N.10 Making Along High Streets
Concentrations of mixed use activities along high streets can take advantage of the best regional accessibility and the highest amount of pedestrian flows, enhancing visibility.
[Context] High streets are roads which traditionally concentrated trade, institutions, cultural spaces and mobility. These spaces linked urban centres, infrastructure (like a port) or a significant destination (like a church or market) and therefore concentrated traffic flows while being the main thoroughfare to other parts of the city. Over time they have evolved into the city’s commercial districts and are the obvious destination for residents to not only acquire goods but also to socialise. Consequently inner-city land on and beside high streets is often very expensive and highly prized. Their position as social and mobility spaces provides opportunities and challenges. While there are advantages in manufacturing along high streets, with high intensity of use, they can also suffer from congestion and higher land prices. Changing consumer patterns led particularly by online shopping have dramatically reduced footfall and business for traditional ‘bricks and mortar’ retail, leaving some high streets largely vacant and reducing rental value. This opens up opportunities for small businesses, combining retail, services and manufacturing. Small-scale, public facing manufacturing can be very complementary to retail as it can be a spectacle and create emotional value of locally made products.
[Problem] One of the main challenges of high streets is that they are highly accessible on the local and city scale. This leaves them exposed to congestion which can be problematic for logistics and the production or delivery of bulking goods. By contrast, former high street retail spaces, those affected by changing local economic conditions, are prone to being transformed into dwellings. Housing can fetch moderate returns, yet public authorities should be cautious about allowing this as it is difficult for the space to be reconverted back into retail (or manufacturing) if needed. Switching between retail, office space and manufacturing is far easier.
[Forces] Shifts in economic conditions can change the potential for manufacturing to be part of high streets. In healthy conditions for traditional local retail, manufacturers and artisans would struggle to afford space on high streets. In current conditions, where retail is constantly evolving into larger physical spaces or online shopping, smaller shops are struggling to survive. But this does not simply open the door to other possible land uses, like manufacturing. Building owners are also uncomfortable about lowering rental prices for new activities, even if there is a demand for the space. P.4 Meanwhile Spaces and Transitional Use could help soften the blow for concerned building owners who are faced with losses. Where the transformation of high streets moves from retail into mixed land uses (including manufacturing), it is important to retain some of the basic conditions of a high street and create a ‘shop-front’. Businesses should provide a B.3 Public Face and avoid blind façades. This can help maintain or create a N.8 Quality Urban Environment in Making Areas. Manufacturing activities on high streets need a practical solution for loading goods and parking trucks without effecting pedestrians.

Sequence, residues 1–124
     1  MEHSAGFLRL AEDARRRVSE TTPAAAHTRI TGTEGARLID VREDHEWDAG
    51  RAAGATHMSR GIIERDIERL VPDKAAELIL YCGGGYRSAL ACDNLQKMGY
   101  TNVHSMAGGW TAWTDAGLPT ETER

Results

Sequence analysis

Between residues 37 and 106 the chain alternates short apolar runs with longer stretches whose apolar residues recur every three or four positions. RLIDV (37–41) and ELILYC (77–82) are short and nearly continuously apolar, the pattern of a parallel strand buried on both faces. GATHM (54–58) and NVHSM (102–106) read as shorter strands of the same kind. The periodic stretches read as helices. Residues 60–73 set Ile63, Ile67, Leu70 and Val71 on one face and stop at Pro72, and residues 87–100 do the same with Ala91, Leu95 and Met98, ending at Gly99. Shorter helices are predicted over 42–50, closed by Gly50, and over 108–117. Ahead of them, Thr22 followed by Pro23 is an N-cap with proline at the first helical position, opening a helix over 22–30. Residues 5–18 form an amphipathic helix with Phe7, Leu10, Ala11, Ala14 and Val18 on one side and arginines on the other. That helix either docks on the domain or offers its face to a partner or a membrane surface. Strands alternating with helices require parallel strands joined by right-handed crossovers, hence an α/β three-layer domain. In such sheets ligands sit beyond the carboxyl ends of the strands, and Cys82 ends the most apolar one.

[Solutions] Where opportunities are available, ensure that the local manufacturing on high streets is used advantageously while avoiding nuisances that affect neighbouring retail or commercial businesses. Manufacturing can be mutually beneficial for retail, gaining from the spectacle of artisans and manufacturing. A R.3 Curator can play a key role when integrating manufacturing in high streets, through C.2 Negotiated Qualities & Environmental Criteria to provide opportunities for dialogue and exchange amongst all actors concerned with activities along high streets (sometimes the responsibility of a local chamber of commerce). C.4 Diverse Tenure Models can help provide space along high streets. Likewise a C.3 Balance Between Public & Private Land ensures that alternative land uses can occur and results in diversity, particularly where land prices prohibit suitable diversity to occur naturally. Retail oriented high streets, particularly where land is affordable, could provide space for crafts and artisans to be located above shops (such as the P.5 The Work Home) or in the N.11 Back of the High Street and link bespoke manufacturing with retail. Furthermore, while retail and services have traditionally grown together, diversity could be improved by N.3 Mixing Complementary Making & Related Services. Opportunities could be developed for integrating N.5 Local Collection Points of Segregated Waste, P.6 Re-use & Repair Centres. Due to accessibility, high streets can be a good place for people of different backgrounds and cultures to meet, to accommodate P.7 Spaces for Development & Education as well as P.8 Community Hub for Making Locations. Finally, a change in legislation may be a precondition to allow new functions (such as light manufacturing) in areas zoned for retail.
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